Why James P. Rubin is Not Optimistic About China’s Democracy

The Transom recently sat down with James P. Rubin, a Vice President of American University in Washington, D.C., to discuss current world events. There are the obvious international issues — North Korea, China, NATO,…

Why James P. Rubin is Not Optimistic About China’s Democracy

The Transom recently sat down with James P. Rubin, a Vice President of American University in Washington, D.C., to discuss current world events. There are the obvious international issues — North Korea, China, NATO, terrorism, Iran — but the conversation eventually got to China.

Rubin agrees that China’s integration into the global economy has been beneficial to all countries, but he’s not sure the results have always been positive in China.

The Transom: But isn’t that one of the biggest political flaws of China, is their government rule essentially undemocratic?

Rubin: There’s no question China’s government rules essentially undemocratically. It’s not necessarily the government’s fault, though. I think Chinese people are hugely alienated from the political apparatus. The differences in political system are this: One, you don’t have political parties; two, you don’t allow citizen initiative or opinion polling. And the Chinese government has now attempted to remake those things to solve that problem, but it hasn’t.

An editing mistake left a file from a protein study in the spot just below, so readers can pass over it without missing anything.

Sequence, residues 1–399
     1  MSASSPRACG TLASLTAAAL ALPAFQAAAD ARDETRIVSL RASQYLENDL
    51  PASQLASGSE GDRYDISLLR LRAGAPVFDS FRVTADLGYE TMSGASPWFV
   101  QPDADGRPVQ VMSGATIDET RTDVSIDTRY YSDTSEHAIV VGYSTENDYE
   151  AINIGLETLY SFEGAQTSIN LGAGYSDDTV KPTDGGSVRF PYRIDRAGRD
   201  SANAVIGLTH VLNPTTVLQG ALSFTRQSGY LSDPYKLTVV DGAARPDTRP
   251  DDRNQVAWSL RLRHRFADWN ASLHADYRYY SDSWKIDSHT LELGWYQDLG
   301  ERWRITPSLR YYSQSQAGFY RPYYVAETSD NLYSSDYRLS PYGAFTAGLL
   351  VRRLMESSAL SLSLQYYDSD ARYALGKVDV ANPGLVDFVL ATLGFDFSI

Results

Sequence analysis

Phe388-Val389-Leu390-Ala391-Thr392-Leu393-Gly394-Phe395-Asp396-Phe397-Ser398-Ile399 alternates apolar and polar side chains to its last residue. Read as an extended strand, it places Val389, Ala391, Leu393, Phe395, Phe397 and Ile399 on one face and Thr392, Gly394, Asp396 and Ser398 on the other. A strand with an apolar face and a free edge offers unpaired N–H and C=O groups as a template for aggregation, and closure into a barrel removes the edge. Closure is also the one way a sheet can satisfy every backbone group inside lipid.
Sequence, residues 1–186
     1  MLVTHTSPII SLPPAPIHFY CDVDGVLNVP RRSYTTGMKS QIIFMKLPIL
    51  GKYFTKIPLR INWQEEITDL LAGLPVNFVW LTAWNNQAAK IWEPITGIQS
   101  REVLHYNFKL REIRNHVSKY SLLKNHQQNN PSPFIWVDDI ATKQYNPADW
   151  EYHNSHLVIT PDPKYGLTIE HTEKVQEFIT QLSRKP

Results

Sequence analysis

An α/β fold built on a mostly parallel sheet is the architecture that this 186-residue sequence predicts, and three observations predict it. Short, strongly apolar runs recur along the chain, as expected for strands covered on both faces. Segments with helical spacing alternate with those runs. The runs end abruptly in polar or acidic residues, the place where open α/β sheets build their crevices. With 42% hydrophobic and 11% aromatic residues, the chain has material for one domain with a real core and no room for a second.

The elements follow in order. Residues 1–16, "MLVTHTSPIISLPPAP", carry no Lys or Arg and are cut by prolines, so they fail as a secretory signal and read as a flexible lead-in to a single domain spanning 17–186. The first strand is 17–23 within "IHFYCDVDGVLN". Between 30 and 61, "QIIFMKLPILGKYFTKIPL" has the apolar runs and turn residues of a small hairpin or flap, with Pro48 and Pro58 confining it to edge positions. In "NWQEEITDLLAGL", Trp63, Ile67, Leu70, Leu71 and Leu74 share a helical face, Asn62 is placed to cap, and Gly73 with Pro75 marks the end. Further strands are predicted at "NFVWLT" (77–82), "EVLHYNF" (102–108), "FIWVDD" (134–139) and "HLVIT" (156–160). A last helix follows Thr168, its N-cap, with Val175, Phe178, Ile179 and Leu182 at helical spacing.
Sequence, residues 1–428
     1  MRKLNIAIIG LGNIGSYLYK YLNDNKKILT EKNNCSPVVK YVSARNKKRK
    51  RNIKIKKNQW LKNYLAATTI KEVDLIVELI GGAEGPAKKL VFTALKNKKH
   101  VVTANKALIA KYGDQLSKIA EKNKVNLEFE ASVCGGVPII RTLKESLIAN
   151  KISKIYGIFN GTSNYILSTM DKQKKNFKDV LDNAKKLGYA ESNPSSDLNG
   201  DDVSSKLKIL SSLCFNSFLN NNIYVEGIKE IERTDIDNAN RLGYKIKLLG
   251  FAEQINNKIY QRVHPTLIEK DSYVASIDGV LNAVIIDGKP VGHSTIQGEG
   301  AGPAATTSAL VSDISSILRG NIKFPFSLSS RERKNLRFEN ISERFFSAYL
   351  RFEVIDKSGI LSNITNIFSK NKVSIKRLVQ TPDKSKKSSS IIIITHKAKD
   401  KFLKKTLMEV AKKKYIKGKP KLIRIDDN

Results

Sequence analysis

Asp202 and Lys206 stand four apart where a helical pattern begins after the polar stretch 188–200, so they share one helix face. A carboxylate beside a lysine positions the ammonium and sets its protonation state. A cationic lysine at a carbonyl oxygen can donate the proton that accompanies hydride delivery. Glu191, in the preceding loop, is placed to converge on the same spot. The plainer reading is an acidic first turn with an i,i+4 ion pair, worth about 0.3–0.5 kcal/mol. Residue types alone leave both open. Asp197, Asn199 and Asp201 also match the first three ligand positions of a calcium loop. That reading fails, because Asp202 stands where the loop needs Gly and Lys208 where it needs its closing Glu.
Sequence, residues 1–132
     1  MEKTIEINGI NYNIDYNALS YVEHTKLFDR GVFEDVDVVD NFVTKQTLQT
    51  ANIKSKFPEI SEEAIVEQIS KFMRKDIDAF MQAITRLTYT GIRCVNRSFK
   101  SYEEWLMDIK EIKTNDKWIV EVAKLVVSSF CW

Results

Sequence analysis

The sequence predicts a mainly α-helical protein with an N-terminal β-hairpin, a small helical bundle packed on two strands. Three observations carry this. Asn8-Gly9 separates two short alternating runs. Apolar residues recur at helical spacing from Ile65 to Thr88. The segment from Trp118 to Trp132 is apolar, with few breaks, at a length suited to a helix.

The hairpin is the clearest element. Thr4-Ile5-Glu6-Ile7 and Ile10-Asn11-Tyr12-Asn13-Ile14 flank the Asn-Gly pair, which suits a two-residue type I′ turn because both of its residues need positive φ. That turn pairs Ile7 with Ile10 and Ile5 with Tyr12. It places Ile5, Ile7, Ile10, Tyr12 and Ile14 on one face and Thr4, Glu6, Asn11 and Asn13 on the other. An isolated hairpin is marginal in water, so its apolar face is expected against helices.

The Transom: So, what is the true extent of Chinese democracy?

Rubin: I think it’s pretty far down the road. But, it’s not what you think of as democracy at all. Of course, a dictatorship is not a democracy.

The Transom: But I thought our one-party system would also be an example of what is — to some degree — democracy.

Rubin: It’s far from it, but think of the importance of having a deliberative process, in our system. Chinese people pay more attention to whether their leader is in fact worth their votes. If they feel like they don’t like him, they don’t go out to vote.

The Transom: So you’re not that optimistic?

Rubin: I don’t think democracy — over all — is better than China’s, and I don’t think either is worse. But neither does that mean there’s not a lot to improve about China.

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About The Transom

Our Showtime interview is one in a series of timely conversations with political and intellectual elites that The Transom produces with leading media outlets. We regularly look into the psyches of the players in the news and ask why they behave the way they do. Our podcast can be found at TheTransomShow.com and iTunes. Follow The Transom on Twitter and Facebook.

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